- A plethora of problems
- Plethora of problems
Are both ok? Because in many articles, "A" is not written.
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No, you must use the article — and under most circumstances, the indefinite one. That’s because this is simply how such premodifying phrases used as noun quantifiers are always constructed. They must all follow this formula:
a(n) + NOUN (singular) + of + NOUN (either singular or plural)
It no more makes sense to use plethora of X without an indefinite article preceding it than it does any of these formulations:
Those all mean something rather like the quantifier many (or too many) if it’s a plural noun following, and something rather like the quantifier much (or too much) if it’s a mass noun following.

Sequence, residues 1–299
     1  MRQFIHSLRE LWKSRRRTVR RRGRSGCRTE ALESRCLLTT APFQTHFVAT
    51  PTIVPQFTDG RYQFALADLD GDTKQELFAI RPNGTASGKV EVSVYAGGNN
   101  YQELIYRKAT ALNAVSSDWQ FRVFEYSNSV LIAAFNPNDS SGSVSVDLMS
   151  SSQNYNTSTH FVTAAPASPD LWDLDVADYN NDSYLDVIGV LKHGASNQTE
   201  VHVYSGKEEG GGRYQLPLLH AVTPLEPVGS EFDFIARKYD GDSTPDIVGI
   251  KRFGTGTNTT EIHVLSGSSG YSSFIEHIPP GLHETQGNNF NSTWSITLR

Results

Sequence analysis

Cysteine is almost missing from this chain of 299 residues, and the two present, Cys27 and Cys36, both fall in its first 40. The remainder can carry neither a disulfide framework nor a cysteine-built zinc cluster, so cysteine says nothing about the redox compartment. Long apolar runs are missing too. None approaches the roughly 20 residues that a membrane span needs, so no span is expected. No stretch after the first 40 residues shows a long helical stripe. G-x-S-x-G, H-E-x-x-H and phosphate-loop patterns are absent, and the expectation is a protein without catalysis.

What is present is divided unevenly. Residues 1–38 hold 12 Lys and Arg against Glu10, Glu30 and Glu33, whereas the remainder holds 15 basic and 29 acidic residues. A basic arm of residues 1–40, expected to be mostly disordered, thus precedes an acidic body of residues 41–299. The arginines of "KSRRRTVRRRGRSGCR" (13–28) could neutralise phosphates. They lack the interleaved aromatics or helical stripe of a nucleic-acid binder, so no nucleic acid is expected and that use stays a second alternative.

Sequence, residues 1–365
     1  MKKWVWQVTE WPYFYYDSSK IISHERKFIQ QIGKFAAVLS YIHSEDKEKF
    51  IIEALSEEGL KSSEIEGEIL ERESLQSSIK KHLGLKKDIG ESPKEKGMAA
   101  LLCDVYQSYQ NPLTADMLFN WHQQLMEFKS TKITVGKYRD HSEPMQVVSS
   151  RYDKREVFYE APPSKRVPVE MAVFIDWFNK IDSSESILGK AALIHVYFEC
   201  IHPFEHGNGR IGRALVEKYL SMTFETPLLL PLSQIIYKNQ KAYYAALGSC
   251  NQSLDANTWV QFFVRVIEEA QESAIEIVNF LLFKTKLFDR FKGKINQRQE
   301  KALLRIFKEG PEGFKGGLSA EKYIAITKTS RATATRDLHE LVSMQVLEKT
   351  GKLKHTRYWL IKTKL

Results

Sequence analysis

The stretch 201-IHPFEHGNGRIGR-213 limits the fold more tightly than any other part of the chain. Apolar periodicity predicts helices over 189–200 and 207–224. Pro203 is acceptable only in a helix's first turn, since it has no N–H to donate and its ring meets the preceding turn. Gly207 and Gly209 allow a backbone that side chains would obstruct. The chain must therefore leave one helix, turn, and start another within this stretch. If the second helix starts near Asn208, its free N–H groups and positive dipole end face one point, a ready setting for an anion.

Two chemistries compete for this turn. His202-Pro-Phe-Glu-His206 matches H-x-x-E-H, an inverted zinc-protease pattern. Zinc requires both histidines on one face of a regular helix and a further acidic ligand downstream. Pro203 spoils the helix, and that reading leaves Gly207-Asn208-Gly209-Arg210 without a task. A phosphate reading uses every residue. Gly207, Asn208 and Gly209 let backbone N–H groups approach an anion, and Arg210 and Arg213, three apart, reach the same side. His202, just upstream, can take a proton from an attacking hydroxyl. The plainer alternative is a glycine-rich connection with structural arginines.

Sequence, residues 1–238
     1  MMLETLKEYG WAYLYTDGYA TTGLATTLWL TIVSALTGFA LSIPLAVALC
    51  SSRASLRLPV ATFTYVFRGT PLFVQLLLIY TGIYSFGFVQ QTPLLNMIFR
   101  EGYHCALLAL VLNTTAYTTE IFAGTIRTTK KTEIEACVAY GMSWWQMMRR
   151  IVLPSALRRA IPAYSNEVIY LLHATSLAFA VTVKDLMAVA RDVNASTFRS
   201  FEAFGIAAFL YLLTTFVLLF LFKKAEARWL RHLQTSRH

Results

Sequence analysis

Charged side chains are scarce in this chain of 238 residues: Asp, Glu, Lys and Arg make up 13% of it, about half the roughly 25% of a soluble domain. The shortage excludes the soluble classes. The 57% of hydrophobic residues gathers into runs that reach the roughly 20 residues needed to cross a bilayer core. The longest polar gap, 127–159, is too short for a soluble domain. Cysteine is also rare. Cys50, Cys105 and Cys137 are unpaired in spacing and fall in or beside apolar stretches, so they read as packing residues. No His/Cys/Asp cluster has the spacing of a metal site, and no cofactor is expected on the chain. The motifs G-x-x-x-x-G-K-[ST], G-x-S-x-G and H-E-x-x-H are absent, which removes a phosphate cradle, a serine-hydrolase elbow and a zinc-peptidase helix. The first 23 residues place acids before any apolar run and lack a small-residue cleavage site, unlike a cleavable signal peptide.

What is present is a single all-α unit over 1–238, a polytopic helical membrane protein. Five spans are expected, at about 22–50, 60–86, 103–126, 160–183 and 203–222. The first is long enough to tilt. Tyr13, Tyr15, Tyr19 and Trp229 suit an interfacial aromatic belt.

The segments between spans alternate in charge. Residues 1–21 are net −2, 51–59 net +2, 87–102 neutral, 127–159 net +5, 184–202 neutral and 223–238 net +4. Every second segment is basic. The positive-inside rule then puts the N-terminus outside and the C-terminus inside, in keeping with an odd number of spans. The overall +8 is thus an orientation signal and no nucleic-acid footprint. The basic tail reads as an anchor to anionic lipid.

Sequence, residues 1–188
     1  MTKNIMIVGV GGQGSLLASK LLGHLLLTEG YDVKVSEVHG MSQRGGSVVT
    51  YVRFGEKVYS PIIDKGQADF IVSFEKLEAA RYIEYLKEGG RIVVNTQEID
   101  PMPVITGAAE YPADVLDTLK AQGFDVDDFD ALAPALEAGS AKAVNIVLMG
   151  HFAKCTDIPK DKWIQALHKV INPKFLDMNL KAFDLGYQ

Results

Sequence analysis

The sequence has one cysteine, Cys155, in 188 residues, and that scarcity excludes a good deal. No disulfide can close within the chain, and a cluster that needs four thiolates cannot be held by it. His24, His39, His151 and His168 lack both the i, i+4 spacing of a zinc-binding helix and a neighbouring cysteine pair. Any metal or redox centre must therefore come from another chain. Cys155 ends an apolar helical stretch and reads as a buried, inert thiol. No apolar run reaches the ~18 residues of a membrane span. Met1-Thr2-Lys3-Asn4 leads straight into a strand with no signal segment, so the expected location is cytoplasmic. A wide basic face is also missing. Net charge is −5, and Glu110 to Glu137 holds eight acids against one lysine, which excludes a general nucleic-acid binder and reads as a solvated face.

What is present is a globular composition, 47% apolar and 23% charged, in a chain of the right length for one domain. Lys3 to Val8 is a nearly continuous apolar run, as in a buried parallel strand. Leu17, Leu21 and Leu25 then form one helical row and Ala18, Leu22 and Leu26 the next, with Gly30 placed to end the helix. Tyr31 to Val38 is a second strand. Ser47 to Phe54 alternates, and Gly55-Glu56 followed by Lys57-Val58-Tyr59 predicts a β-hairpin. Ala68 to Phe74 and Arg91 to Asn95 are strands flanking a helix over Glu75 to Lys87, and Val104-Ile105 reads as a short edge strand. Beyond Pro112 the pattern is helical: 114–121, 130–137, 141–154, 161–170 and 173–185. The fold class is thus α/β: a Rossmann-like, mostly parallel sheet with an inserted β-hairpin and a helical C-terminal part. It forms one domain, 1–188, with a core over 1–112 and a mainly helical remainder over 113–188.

Please be aware that those examples are taken from a wide variety of registers. They are therefore not meant to be identical to the point of all being freely interchangeable within the same work. Some are common, others are rare.
Occasionally these can take a definite article when the sense requires it, as in
The resulting surfeit of entrants overwhelmed their sign-up desk.
Be advised that words like plethora and surfeit are “fancy” ones that belong to a far higher register than one normally employs in casual communications.